The International Game Developer's Association's five-month leadership search ended this week after it introduced Kate Edwards as its newly appointed executive director.
Edwards is the founder and CEO of Englobe, Inc., a Seattle-based consultancy firm that helps companies like Microsoft, Electronic Arts, and Google shape their interactive media to suit different cultures around the world. She also founded the IGDA Game Localization special interest group, so it should come as no surprise that she is taking a similarly global point-of-view when it comes to her duties with the IGDA.
"A lot of people know this inside and outside of the organization, but I think the 'International' part of the IGDA is something we haven't emphasized enough, even though we are a global organization and have chapters all around the world," Edwards told GamesIndustry International. "But from my interactions with a lot of people, there was still this feeling that the IGDA is a US organization that happens to be international. And even if that emphasis could be subtle--I think it's not--it has to be reversed, that we are an international organization that happens to be in the United States as well."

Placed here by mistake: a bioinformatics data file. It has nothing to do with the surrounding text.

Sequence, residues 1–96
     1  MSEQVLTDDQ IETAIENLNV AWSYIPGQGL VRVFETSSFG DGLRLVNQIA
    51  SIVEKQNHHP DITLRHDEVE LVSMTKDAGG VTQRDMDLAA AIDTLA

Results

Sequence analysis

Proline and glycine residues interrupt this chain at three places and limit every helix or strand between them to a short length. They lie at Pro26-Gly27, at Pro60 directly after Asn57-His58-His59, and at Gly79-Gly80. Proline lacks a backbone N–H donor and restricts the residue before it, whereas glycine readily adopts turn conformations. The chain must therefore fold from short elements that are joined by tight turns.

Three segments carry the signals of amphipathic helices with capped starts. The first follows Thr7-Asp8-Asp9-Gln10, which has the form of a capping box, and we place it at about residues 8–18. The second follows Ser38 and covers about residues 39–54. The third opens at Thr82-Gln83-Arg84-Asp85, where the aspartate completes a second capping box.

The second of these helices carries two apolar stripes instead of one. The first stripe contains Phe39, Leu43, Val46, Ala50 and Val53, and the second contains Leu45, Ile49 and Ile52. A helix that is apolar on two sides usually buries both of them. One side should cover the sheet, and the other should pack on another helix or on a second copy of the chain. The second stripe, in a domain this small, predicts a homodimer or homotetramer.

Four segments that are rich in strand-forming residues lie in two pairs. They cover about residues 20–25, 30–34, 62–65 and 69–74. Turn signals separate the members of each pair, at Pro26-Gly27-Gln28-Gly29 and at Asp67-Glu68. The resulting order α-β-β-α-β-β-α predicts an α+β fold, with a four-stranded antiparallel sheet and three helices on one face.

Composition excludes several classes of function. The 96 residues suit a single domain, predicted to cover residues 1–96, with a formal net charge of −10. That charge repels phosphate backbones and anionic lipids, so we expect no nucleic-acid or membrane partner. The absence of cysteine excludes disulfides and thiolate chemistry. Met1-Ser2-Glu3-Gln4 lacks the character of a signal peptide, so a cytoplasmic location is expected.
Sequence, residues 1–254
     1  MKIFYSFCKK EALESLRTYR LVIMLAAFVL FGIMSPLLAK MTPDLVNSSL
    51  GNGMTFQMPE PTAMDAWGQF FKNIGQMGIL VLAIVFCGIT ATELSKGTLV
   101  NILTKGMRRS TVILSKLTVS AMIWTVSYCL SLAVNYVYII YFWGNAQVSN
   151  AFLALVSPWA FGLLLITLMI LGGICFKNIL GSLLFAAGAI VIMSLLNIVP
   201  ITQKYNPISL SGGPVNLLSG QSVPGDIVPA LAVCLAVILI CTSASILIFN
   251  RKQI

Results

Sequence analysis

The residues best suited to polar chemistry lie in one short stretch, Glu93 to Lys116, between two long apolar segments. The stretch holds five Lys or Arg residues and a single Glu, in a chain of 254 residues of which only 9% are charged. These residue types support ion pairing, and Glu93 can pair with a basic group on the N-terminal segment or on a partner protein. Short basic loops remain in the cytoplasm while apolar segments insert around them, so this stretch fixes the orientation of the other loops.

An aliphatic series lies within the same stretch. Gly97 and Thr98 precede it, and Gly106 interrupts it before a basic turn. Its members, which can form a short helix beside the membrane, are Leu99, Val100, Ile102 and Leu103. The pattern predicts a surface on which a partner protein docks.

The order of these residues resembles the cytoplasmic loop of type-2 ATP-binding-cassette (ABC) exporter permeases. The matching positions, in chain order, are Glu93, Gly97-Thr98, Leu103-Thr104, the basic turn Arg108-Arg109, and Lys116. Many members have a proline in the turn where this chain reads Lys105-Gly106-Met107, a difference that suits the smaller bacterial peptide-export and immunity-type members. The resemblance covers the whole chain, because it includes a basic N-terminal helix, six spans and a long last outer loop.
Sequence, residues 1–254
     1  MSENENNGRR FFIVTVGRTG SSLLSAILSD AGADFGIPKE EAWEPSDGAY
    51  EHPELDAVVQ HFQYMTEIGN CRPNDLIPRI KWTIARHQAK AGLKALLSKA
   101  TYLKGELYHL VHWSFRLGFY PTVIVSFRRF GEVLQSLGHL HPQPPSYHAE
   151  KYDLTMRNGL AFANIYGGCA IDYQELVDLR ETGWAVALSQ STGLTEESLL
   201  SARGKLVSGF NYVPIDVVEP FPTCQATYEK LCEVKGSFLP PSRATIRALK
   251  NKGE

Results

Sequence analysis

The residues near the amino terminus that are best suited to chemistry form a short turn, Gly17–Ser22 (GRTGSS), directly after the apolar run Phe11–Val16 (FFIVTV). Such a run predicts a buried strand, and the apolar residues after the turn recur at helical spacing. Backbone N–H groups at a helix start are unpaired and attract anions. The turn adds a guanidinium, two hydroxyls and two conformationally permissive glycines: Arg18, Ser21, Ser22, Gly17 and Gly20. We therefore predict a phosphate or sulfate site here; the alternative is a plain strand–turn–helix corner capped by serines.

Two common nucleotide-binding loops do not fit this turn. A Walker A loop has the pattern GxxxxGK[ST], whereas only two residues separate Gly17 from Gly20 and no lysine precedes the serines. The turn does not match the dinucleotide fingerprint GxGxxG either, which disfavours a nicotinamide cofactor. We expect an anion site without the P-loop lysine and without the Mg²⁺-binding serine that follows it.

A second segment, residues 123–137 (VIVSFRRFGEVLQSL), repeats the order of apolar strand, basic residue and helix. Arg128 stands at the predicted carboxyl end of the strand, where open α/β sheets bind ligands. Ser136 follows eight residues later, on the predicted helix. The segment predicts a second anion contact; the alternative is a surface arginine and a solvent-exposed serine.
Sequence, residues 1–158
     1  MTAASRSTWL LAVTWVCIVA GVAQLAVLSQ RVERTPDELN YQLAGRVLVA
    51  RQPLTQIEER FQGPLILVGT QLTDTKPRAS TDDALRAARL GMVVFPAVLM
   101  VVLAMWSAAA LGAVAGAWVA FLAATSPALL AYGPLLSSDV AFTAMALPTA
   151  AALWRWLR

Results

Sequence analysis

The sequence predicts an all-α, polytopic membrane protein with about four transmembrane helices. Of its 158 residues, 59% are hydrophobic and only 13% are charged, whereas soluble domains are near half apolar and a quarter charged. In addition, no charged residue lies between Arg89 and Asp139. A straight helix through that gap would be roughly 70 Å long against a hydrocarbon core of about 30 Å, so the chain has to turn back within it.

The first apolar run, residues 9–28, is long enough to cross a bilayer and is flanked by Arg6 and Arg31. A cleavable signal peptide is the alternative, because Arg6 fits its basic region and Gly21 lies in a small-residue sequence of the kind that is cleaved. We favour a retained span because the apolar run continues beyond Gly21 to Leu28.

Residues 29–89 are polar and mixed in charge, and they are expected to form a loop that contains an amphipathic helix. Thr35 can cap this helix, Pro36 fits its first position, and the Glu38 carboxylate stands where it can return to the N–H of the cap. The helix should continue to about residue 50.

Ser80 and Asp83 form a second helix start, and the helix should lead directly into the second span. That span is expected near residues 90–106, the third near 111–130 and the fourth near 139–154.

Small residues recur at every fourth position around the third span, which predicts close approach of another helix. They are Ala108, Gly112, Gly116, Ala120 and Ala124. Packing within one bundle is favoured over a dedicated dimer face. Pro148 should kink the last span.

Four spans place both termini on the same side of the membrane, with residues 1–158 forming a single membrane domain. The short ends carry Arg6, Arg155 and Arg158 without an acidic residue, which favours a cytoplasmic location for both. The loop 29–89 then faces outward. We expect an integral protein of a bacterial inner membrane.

In addition to that shift in the way the group is perceived, Edwards had some more concrete goals she wants to achieve. To start with, Edwards said the group will focus on two main initiatives. The first is to set up a way to help members evaluate contracts so those who sign them understand what it is they're getting into, and to establish fair standards developers can consult. The second immediate goal is to follow through on the IGDA's push for standardization of credits. Edwards said she had personal experience with this problem, as her unusual job position has left her off the credits list for numerous games on which she worked.
As Edwards explained, "We're trying to pick a couple of key advocacy issues, focus on those, show tangible progress on those and move on from there."
One issue the group won't be tackling is unionization. Edwards stressed the IGDA a support organization for individual game developers, and has no aspirations to change that in the future.
The IGDA's executive director position had been vacant since Gordon Bellamy resigned in July to accept a position with Tencent.